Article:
Breakthrough Discovery: Training to Failure vs. Near Failure

In my training approach, I often aim to push myself right up to the edge of failure without actually reaching it. I don’t intentionally set out to fail a rep, but I push myself to the point where the next rep feels almost impossible. This means that I usually don’t have any full reps left in the tank. Occasionally, I might hit a rep that I could have done or decide not to push for it, but this isn’t intentional.

Sometimes, this strategy leads to drop-offs in reps in subsequent sets, which I’m okay with. I prioritize progression over strict adherence to equal reps across sets. If I can hit, for example, 25 reps across 3 sets, I might add weight rather than focusing solely on maintaining consistent reps. As long as I’m making progress over time, I’m satisfied with my approach.

I enjoy training this way and adjust my program to find the right balance of volume that allows me to continue pushing myself without risking burnout or injury. If I were to increase volume significantly, I’d likely be more cautious about leaving a rep or two in reserve to manage fatigue and recovery better.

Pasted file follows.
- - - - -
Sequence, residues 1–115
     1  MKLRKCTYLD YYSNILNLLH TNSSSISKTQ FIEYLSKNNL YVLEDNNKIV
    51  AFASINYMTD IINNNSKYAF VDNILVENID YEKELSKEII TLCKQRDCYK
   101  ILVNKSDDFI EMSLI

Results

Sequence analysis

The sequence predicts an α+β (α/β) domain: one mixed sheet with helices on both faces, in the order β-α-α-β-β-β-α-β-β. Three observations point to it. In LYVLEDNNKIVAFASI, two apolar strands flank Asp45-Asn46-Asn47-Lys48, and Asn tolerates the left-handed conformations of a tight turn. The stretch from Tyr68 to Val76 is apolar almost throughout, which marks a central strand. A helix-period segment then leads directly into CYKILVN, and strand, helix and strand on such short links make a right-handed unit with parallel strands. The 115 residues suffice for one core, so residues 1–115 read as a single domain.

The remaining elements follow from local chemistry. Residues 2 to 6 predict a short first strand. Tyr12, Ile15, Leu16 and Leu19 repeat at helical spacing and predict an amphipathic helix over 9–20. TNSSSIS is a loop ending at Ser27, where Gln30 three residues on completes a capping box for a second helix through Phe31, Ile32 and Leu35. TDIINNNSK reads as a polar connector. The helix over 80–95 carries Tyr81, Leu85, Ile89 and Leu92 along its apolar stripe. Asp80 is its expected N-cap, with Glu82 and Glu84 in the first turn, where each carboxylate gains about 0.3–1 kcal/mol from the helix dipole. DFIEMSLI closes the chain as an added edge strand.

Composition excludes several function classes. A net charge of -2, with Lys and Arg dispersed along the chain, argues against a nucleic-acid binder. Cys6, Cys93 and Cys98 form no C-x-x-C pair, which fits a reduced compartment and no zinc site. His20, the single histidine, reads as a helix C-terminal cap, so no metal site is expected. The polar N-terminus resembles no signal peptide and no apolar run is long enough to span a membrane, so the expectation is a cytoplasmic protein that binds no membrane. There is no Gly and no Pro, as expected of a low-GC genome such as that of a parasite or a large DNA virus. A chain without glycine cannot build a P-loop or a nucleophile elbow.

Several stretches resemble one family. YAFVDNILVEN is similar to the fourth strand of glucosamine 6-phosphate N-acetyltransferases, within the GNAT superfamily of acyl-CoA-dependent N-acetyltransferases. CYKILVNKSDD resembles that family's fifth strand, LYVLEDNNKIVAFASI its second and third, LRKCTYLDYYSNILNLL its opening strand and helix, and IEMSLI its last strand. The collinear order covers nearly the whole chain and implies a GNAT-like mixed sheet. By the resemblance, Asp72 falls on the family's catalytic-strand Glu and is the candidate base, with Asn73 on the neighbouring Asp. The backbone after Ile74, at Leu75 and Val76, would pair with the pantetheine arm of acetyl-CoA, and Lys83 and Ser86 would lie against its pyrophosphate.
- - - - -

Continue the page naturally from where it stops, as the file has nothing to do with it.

I appreciate articles and research that shed light on different training methodologies. Recently, I came across research by Bill Campbell, particularly regarding protein needs. Given my three decades in the industry, I’ve delved into various studies and theories. One aspect that caught my attention is cross-education/training of muscles, where training one limb can impact the strength and mass of the other, especially in cases of injury. It would be interesting to see studies comparing training to failure or near failure on one limb versus leaving reps in reserve and how it affects overall muscle development and cross-education.

In my personal experience, I’ve incorporated both approaches into my training regimen and adjusted recovery time accordingly. This balanced approach has been effective for me, even as I’ve aged. Recently, I made modifications to my workouts, focusing on high-intensity training to near failure, based on a workout regimen by Christian Thibaudeau. This adjustment resulted in noticeable gains in muscle mass and fat loss over several months, without the use of TRT or creatine, relying instead on proper nutrition, rest, and selected supplements for recovery support. While my initial goal was different, the results have been positive, highlighting the effectiveness of tailored training approaches.

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